Implementation of captch solver using Keras
Hi everyone. In the previous tutorial, we have seen how to build a captcha solver basic in TensorFlow using Keras. In this tutorial, we will look at how to implement this for a real captcha solver. Previously we just built an MNIST image classification model using a custom-built CNN model in Keras. We will use that model to implement a real-time captcha solver.
IMPORT THE REQUIRED LIBRARIES
import cv2 import matplotlib.pyplot as plt import numpy as np from PIL import Image import pandas as pd import glob import imutils from imutils import paths import os import os.path import collections import tensorflow as tf from tensorflow import keras
As usual, we have used famous data science libraries, NumPy and pandas. Matplotlib for visualisations and Keras for building our deep learning models. cv2 is commonly used for image analysis. We have used a new library called fetch_openml, an extensive collection of open-source datasets widely used for beginners.
img = cv2.imread("64.png") gray = cv2.cvtColor(img, cv2.COLOR_BGR2GRAY) ret, thresh1 = cv2.threshold(gray, 10, 255, cv2.THRESH_BINARY_INV) rect_kernel = cv2.getStructuringElement(cv2.MORPH_RECT, (5, 5)) dilation = cv2.dilate(thresh1, rect_kernel, iterations = 1) contour, contours, hierarchy = cv2.findContours(dilation, cv2.RETR_EXTERNAL, cv2.CHAIN_APPROX_NONE)
First, download any random captcha from the internet and load it into your colab environment or in a jupyter notebook. Now convert the RGB image into a grayscale image using convert colour function is cv2. Our idea is to find the individual numbers from the captcha and extract it from the captcha for identification. We have used a threshold that defines the bounding boxes, and contours are used to identify the bounding boxes. Crop out the remaining regions that are of interest to us and finally copy the final image to another image.
EXTRACTING INDIVIDUAL DIGITS
letters=dict() position=list() for cnt in contours: x, y, w, h = cv2.boundingRect(cnt) #rect = cv2.rectangle(im2, (x, y), (x + w, y + h), (0, 255, 0), 2) cropped = im2[y:y + h, x:x + w] #text = pytesseract.image_to_string(cropped) #print(text) position.append(x) letters[x]=cropped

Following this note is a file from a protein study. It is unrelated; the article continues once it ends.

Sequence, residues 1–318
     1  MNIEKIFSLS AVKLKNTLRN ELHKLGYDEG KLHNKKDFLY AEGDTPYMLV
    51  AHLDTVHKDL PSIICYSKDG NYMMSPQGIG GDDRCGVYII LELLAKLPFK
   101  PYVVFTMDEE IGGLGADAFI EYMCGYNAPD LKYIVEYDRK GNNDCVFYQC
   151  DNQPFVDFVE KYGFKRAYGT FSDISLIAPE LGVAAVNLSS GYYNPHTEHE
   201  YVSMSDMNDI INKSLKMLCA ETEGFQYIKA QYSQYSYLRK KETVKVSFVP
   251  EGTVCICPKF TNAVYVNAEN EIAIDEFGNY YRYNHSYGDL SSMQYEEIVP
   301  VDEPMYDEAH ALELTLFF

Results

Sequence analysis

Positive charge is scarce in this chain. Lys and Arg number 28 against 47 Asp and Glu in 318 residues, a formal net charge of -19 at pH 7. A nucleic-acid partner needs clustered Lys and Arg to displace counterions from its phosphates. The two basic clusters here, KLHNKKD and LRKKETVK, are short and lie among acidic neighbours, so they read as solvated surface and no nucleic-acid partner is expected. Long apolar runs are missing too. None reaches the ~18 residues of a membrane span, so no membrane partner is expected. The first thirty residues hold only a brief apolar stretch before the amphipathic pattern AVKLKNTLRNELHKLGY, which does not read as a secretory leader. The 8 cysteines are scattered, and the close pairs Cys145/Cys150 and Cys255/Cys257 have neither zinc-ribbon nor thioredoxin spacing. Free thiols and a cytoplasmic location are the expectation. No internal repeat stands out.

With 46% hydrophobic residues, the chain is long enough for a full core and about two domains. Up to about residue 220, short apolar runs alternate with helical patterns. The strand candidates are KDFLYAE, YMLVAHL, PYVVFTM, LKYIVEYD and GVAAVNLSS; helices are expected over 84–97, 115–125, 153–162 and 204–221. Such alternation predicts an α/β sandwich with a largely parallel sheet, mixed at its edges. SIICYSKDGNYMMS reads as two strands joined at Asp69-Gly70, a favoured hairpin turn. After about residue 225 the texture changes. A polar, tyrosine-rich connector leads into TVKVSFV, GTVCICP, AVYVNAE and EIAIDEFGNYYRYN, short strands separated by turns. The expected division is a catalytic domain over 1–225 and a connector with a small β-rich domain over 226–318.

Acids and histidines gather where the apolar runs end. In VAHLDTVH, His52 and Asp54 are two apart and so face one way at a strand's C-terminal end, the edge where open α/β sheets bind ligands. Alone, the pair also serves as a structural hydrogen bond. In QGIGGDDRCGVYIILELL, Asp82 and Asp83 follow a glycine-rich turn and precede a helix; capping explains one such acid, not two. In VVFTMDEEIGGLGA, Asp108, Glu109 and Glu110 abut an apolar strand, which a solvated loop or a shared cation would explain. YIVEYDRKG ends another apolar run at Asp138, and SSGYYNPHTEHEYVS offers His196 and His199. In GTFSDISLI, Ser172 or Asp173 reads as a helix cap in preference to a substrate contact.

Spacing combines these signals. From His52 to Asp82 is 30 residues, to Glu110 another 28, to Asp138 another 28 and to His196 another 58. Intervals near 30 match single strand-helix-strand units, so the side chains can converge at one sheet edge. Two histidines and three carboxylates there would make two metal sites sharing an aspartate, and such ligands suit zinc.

. We created a dictionary to keep track of the digits’ order in the input image. The boundingRect is used to extract the bounding box coordinates from the contour and store it in the variables. Now the cropped image is created, and the digits are sorted in the increasing order of the x-coordinate of the contour in our dictionary.
The captcha image we downloaded can be found here.
position=sorted(position) letters=collections.OrderedDict(sorted(letters.items())) len(position)
The number of individual digits in the captcha is given as an output in the above code.
CHECKING THE EXTRACTED DIGITS
plt.imshow(cv2.resize(letters[position],(28,28),interpolation=cv2.INTER_LINEAR)) plt.imshow(cv2.resize(letters[position],(28,28),interpolation=cv2.INTER_LINEAR)) plt.imshow(cv2.resize(letters[position],(28,28),interpolation=cv2.INTER_LINEAR)) plt.imshow(cv2.resize(letters[position],(28,28),interpolation=cv2.INTER_LINEAR)) plt.imshow(cv2.resize(letters[position],(28,28),interpolation=cv2.INTER_LINEAR))
The above code plots the extracted image whose coordinates were stored in the dictionary we created earlier. The images can be found in
def solver(model,weights,letters,position): n=len(position) model.load_weights(weights) for i in range(n): im=letters[position[i]] im=cv2.cvtColor(im,cv2.COLOR_BGR2GRAY) im=cv2.resize(im,(28,28),interpolation=cv2.INTER_LINEAR) im=np.expand_dims(im,axis=-1) im=np.expand_dims(im,axis=0) print(np.argmax(model.predict(im),axis=-1))
We created a helper function for our captcha solver. It loads the model weights that we downloaded in our previous tutorial. Then for each of the extracted image, it converts them into a tensor that can be given as an input for our model. It finally predicts the image and then gives the predicted output.
model=keras.models.Sequential() model.add(keras.layers.Conv2D(64,7,activation='relu',padding='same',input_shape=[28,28,1])) model.add(keras.layers.MaxPooling2D(2)) model.add(keras.layers.Conv2D(128,3,activation='relu',padding='same')) model.add(keras.layers.Conv2D(128,3,activation='relu',padding='same')) model.add(keras.layers.MaxPooling2D(2)) model.add(keras.layers.Conv2D(256,3,activation='relu',padding='same')) model.add(keras.layers.Conv2D(256,3,activation='relu',padding='same')) model.add(keras.layers.MaxPooling2D(2)) model.add(keras.layers.Flatten()) model.add(keras.layers.Dense(128,activation='relu')) model.add(keras.layers.Dropout(0.5)) model.add(keras.layers.Dense(64,activation='relu')) model.add(keras.layers.Dropout(0.5)) model.add(keras.layers.Dense(10,activation='softmax'))
This is the model that we created in our previous tutorial. So no explanation is needed on how we built the model. Refer to my previous tutorial to know more about the model-building procedure. The link can be found here.
We compiled our model using sparse_categorical_entropy as our loss function and Adam optimiser. We used accuracy as our evaluation metric. We don’t need to train our model as we already trained it in my previous tutorial and downloaded the model weights. We can upload the weight in your colab notebook and use it anytime you need.
weights='Captcha Solver.h5' solver(model,weights,letters,position)
    
We mentioned our model weights file and made predictions on the extracted individual digits. Our model perfectly predicted all the digits, and that’s great. Now our captcha solver is ready.
In this tutorial, we implemented the captcha solver that we were talking about in our previous tutorial. We extracted individual digits from our captcha and fed it the model that we previously trained on the MNIST digits dataset, and our model perfectly predicted the captcha. You can also look at my previous tutorial to know more about how we built our custom CNN model and trained it.